“First generation” students are those whose parents haven’t gone to college. The knowledge gap between those parents, and the ones with college degrees, can be huge. Kids without parents to guide them through the application and financial aid processes are less likely to attend college, and less likely to get college degrees when they do. A big problem is “under-matching,” when the student settles for a much less challenging or selective school than the ones for which she’s qualified.
That could have been Castillo, who lives in a neighborhood where just getting through high school is considered an accomplishment. She had a vague idea that she might go on to community college, but wasn’t sure what that would involve.
So she asked a lot of questions, and helped to research the answers. Just the fact that the game developers listened to her and her opinions gave her more confidence.
Fast forward to today: Castillo is about to graduate USC with a degree in neuroscience. She credits the game lab, and working on its college application games, with the big step up in her ambition and accomplishment.
For more on Castillo, and the games, read my Reuters column this week: “To get into college, play a game or two.”
Today’s top story: Finding the best travel rewards credit cards. Also in the news: Five ways tot get things off of your credit report, what your parents didn’t teach you about personal finance, and five bad financial habits you need to break.
The Best Travel Rewards Credit Cards in America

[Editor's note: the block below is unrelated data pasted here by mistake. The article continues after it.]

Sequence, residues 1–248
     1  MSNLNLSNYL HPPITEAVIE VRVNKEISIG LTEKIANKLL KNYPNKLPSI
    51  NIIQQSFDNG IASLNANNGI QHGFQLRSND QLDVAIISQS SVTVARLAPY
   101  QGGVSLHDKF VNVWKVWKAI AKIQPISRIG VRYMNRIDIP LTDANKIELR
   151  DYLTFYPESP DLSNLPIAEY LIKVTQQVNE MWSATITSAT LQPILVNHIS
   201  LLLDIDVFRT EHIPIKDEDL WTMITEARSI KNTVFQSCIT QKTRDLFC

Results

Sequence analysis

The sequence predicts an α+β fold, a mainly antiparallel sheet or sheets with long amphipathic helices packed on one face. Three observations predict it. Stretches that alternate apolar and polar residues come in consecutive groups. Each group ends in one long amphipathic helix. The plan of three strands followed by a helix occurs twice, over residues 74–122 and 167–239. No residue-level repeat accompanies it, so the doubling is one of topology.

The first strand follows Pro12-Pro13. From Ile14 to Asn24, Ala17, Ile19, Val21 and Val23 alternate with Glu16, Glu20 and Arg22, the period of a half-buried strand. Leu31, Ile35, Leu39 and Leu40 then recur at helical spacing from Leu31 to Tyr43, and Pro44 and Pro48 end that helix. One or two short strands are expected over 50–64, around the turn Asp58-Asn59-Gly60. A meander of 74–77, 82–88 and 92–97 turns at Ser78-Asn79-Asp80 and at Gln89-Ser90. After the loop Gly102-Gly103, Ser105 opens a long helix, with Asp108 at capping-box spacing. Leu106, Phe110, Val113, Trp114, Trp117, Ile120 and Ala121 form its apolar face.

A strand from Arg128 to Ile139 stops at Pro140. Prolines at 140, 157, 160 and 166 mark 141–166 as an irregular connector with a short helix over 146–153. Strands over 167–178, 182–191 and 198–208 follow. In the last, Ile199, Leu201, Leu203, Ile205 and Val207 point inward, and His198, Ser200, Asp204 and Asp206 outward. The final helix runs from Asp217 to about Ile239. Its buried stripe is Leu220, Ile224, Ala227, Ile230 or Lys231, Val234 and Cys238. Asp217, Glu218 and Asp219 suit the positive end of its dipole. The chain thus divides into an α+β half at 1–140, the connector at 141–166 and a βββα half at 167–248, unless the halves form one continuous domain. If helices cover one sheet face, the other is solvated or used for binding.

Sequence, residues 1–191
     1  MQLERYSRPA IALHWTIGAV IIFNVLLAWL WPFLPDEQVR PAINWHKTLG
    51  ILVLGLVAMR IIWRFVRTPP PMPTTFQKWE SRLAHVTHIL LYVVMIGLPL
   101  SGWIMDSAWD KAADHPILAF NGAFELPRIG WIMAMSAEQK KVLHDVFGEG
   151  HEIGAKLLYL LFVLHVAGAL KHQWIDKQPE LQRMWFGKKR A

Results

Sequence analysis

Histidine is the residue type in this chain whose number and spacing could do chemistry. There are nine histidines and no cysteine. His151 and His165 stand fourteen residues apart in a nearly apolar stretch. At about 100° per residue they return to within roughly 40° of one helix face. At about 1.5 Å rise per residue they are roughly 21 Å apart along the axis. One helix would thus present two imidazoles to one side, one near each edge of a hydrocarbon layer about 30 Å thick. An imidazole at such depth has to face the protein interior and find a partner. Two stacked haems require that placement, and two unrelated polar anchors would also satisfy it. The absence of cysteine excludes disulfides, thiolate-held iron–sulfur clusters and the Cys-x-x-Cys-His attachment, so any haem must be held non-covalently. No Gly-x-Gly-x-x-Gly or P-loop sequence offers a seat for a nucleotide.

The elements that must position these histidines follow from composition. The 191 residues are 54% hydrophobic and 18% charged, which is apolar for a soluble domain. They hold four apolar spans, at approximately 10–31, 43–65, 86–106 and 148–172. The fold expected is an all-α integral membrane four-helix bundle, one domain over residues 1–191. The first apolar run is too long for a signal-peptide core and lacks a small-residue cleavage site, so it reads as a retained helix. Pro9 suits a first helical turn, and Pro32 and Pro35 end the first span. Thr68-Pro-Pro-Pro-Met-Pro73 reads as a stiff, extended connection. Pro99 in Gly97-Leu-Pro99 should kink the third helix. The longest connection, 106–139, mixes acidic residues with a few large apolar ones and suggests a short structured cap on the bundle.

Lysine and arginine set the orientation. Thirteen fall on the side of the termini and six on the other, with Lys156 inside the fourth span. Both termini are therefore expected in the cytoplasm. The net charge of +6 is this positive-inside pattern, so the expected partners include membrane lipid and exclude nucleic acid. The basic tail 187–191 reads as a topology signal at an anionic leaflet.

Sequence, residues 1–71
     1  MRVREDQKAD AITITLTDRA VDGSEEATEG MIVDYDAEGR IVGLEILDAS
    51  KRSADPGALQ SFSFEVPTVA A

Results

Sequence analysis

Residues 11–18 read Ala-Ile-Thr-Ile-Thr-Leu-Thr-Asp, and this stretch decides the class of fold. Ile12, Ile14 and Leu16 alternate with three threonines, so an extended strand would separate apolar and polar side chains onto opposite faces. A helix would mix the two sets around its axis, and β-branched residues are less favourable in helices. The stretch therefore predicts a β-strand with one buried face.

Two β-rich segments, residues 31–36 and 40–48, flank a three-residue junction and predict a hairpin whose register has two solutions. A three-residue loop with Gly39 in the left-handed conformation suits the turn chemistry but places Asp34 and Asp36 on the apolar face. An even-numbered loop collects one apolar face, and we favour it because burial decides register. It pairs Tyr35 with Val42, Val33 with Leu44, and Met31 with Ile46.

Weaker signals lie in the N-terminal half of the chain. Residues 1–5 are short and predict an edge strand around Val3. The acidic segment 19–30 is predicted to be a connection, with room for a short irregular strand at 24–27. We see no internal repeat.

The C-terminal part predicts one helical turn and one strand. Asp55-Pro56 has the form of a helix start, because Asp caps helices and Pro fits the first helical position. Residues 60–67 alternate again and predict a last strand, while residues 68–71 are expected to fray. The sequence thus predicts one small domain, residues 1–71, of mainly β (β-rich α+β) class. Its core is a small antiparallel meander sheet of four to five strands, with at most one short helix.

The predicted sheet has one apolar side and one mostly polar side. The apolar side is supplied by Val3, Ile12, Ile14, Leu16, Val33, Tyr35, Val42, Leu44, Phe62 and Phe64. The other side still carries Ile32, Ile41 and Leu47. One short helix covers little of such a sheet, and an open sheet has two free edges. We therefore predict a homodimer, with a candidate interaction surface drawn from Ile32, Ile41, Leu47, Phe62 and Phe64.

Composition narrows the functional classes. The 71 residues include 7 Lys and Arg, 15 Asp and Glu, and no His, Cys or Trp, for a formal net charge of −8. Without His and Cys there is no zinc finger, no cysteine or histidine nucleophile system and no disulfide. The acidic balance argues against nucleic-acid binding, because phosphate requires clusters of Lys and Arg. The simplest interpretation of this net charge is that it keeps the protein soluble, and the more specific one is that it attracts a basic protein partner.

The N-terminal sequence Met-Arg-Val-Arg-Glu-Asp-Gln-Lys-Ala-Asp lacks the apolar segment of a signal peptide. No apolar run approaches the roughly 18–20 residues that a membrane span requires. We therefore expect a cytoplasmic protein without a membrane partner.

How to get the most from your summer travel.
5 Ways to Get Things Off Your Credit Report
Erasers don’t actual work in this case.
What Your Parents Never Taught You About Personal Finance
The information age has changed the game.
5 Bad Financial Habits You Need to Break
Time to stop your chronic overspending.
5 Ways To Save On Home Remodeling
How to remodel without breaking the bank
Today’s top story: Four quick tips to improve your credit score. Also in the news: What really matters when it comes to credit reports, should you move while retired, and why you shouldn’t put your retirement savings on the back burner.
How to Improve a Credit Score: 4 Quick Tips
Quick ways to boost your score.
What Really Matters When It Comes to Credit Reports
Focus on the important things.
Is Moving in Retirement a Smart Money Choice?
Are you better off staying put?
Don’t Put Saving for Retirement on the Back Burner
It’ll be here before you know it.
Retired couples wrestle over money issues
How to deal with financial stress.